Imagine this: your momentary touch on another person's shoulder changes how likely that person is to accept financial risk. Just an instant tap and a person engages in more risky behavior. This would have huge implications for financial planners, salespeople and a variety of other professional.
Some very interesting research I recently ran across suggests exactly this kind of mechanism does exist. Physical Contact and Financial Risk taking by Johnathan Levav and Jennifer J. Argo (Columbia University, April 22, 2010) displays links between the momentary touch by a woman and a person's likelihood to subsequently make riskier financial decisions.
Through a variety of experiments, the researchers tested their hypothesis, which read:
…certain forms of physical contact will evoke a sense of security in experimental participants, and that this sense of security, in turn, will increase their willingness to make risky financial decisions.
The results are dramatic and pretty darn remarkable. In the experiments, the researchers found significant impact in the willingness of test subjects who were touched on the shoulder to accept greater financial risk than those who only experienced a handshake. One experiment showed a nearly 70% increase in the amount the touched subjects were willing to put at risk.
However, the person touching the test subject was an important factor in determining if this increased risk-taking actually occurred. The researchers determined that risk-taking decisions were increased only when a woman touched the subject’s shoulder, with no impact when a man was the person touching. Whether the test subject was male or female had no impact.
But why would this occur? The researchers theorized that the reason risk taking increased following a woman's touch was due to an increased sense of security. Basically, when momentarily patted on the shoulder by a woman, maternal memories are engaged which increase our sense of security. We recall mom’s safe and secure touch. This increased security then leads us to feeling more comfortable with financial risk, which results in taking more risk.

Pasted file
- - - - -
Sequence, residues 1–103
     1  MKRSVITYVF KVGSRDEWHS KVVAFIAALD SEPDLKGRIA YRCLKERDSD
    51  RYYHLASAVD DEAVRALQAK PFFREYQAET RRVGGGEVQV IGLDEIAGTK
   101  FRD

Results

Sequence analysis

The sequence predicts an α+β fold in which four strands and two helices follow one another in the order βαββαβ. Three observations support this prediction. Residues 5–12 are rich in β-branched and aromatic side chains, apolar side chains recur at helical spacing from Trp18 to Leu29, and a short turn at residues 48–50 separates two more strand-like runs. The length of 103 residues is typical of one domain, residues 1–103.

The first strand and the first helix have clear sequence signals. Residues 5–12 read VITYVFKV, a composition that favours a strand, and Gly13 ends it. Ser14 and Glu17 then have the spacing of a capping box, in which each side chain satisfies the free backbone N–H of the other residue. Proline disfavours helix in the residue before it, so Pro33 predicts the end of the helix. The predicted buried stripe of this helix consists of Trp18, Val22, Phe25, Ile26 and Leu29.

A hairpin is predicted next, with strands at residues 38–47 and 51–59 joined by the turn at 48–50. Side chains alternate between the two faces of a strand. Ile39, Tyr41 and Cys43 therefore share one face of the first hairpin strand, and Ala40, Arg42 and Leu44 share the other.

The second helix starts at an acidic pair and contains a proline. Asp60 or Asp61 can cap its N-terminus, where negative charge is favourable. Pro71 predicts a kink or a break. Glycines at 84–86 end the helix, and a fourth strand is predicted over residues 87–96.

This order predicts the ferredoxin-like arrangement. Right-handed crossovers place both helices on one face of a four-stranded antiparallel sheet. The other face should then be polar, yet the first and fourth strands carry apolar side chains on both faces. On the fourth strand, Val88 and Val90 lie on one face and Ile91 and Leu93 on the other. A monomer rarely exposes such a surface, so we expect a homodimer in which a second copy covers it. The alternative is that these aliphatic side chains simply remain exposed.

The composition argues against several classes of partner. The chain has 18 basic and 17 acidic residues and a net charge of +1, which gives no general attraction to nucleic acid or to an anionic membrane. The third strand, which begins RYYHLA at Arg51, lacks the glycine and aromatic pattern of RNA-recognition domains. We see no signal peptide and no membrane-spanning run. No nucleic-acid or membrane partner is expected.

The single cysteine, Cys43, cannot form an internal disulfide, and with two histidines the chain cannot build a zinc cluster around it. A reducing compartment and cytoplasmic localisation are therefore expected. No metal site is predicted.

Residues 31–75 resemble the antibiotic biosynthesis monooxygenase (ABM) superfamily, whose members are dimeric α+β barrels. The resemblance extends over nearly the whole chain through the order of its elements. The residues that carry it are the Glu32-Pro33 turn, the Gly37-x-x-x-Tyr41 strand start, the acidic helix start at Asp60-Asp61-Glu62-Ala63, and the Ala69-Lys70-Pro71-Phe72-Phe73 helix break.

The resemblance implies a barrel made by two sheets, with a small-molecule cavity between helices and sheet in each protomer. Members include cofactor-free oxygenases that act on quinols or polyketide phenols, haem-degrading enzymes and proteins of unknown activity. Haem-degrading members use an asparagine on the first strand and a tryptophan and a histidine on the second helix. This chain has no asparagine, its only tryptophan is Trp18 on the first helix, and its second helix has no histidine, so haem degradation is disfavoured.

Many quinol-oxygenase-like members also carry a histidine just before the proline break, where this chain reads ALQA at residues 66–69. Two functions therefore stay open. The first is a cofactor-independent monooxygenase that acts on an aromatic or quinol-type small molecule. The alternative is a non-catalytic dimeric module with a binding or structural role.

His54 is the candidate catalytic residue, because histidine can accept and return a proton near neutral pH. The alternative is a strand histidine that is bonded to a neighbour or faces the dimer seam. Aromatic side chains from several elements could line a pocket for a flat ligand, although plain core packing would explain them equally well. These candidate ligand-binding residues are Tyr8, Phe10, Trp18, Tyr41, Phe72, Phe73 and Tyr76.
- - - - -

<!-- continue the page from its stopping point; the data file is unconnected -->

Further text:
Levav and Argo tested this mechanism in the final experiment of their research. In this experiment, they found a strong tie to "sense of security" and risk-taking behavior. For three test groups that were rated as feeling secure, the willingness to take financial risk was higher than the groups rated as feeling insecure.
This research could have widespread and powerful implications for financial planners. I can picture the kind, friendly female financial planner greeting a client with a handshake and a friendly touch on the shoulder. This planner may have inadvertently primed the client to make more risky financial decisions during the meeting than they may have made otherwise.
Perhaps the client then agrees to a higher equity position in a portfolio than they might later be comfortable with, leading to anxiety and sleepless nights. Maybe the client ends up blaming the planner when the portfolio behaves in a more volatile manner than the client is expecting. This small touch could lead to misunderstanding, unhappiness and even risk of losing a client.
More cynically, I might suggest that professionals involved in selling higher risk financial products could intentionally use this touch mechanism to influence people's willingness to purchase. A client known to have feelings of insecurity and fear could be primed with a light touch at the beginning of a sales presentation or meeting, changing the dynamics for the rest of the meeting. This might not even be done with nefarious intent, but simply to urge a client to make a decision the professional believes to be appropriate.
It's important to note that this is only one study and rather small scale. Each experiment only included a few hundred test subjects. There is potential that the study was flawed or that the subjects simply weren't representative of how most people would react. However, as the study notes, the impact of touch and risk-taking behavior has been suggested in other studies, although not in the context of financial risk-taking. There does seem to be something to this.
It's important that financial planners understand this type of mechanism. What the planner may view as a friendly gesture, as a way of connecting with clients on a personal level, can actually change the client's behavior. This may not be a bad thing, but it needs to be understood by any professional working in a client's best interest.